The copper price mainly responds to macroeconomic trends (notably in China), but volatility in LME inventories is also worrying investors. The nickel price was hit hard by the anticipation of a strong increase in supply from Indonesia and the Philippines. Ferrous metal prices have also languished in negative territory since early 2017. The global steel price remained reasonably stable, but the price of iron ore plummeted on tighter monetary and housing market policies in China, while coking coal became cheaper
on recovering supply from Australia.

Investors reduce net positions

Commodity investors have lost confidence in commodities markets and this sentiment has put pressure on base metal prices.
The greatest source of unrest is the state
of the Chinese economy. The combination of weaker macroeconomic data and monetary tightening in China is a cause
for concern for many investors.

Industrial output grew in April by 6.5% year-on-year (yoy), versus the anticipated growth rate of 7.1%. Retail sales still did relatively well in China, but capital expenditures increased by less than expected. The long-term outlook, however, remains bright in our view. The global economy is growing, while a further cyclical recovery of industrial output, sustained growth in construction activity and accelerating car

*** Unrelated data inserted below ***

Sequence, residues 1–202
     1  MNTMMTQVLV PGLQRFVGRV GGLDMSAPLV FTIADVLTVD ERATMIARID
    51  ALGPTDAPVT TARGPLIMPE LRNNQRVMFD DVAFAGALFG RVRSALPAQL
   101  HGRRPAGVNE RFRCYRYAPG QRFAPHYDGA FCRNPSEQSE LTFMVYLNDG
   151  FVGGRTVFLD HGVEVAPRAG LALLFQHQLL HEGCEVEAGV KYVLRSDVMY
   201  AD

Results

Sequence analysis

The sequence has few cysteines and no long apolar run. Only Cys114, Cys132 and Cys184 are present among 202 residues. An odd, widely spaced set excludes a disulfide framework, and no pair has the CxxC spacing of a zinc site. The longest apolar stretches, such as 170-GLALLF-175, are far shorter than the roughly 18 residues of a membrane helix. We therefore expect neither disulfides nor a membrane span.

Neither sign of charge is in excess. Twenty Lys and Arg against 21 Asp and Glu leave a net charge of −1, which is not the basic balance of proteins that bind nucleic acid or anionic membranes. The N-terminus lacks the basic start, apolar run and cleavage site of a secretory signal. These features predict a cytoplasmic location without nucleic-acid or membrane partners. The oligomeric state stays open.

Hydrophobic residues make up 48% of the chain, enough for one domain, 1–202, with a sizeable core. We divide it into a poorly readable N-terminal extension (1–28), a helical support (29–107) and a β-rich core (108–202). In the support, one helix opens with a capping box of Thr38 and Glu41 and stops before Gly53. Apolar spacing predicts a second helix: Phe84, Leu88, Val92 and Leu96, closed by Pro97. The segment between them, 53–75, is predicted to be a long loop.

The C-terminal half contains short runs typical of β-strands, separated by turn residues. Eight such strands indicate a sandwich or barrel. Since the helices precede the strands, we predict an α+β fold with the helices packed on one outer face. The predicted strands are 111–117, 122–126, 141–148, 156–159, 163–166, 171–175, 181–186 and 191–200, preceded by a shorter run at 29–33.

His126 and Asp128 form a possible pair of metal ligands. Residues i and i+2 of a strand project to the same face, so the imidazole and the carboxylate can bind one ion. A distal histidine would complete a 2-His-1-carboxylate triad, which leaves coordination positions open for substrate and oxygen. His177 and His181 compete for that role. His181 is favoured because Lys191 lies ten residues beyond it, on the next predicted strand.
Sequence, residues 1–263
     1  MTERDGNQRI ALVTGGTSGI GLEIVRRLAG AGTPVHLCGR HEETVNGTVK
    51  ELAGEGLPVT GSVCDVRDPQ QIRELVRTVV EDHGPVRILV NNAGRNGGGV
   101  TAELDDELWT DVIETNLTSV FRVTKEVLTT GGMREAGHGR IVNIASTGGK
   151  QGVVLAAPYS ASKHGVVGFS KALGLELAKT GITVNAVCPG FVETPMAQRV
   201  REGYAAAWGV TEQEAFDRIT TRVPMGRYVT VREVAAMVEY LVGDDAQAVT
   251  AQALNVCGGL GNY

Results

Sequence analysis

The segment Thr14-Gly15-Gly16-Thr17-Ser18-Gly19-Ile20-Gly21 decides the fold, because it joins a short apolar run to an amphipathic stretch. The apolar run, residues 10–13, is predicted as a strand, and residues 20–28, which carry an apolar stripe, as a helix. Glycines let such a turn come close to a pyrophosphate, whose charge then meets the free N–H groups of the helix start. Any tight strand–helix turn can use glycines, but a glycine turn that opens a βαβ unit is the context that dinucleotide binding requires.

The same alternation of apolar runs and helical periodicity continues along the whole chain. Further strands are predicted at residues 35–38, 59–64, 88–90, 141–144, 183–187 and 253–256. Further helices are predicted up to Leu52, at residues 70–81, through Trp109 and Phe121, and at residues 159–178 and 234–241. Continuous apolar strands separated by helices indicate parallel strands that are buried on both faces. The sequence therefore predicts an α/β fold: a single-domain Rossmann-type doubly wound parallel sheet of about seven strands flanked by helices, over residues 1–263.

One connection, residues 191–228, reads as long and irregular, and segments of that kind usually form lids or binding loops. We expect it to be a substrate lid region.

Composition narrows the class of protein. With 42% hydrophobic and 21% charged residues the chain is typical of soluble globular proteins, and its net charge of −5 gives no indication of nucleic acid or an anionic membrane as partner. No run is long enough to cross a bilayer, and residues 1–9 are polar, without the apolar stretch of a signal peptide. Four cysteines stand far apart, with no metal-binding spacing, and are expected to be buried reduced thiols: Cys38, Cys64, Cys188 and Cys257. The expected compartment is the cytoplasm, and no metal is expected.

sales provide a solid basis for growth.

Negativity approaching

The weakness in base metal prices since 1 April is at odds with fundamental expectations given that the market balance points to an upward trend. The base metals market balance will be negative for many base metals until 2019, and this typically coincides with rising prices. Aluminium output growth will outstrip demand this year (6.1% versus 4.0%), but the scales will tip in 2018 and 2019. Production growth is expected to decelerate sharply in both years, partly because China plans to shut down significant output capacity in the coming winter.

Aluminium demand, by contrast, will retain upward momentum. In the copper market, we foresee a deficit in the coming years, but volumes remain relatively low. This means that the copper market is effectively in balance. The nickel market will see a stronger acceleration in supply in the coming years, partly due to the expected increase in supply from the Philippines. On balance, however, a deficit will persist until 2019.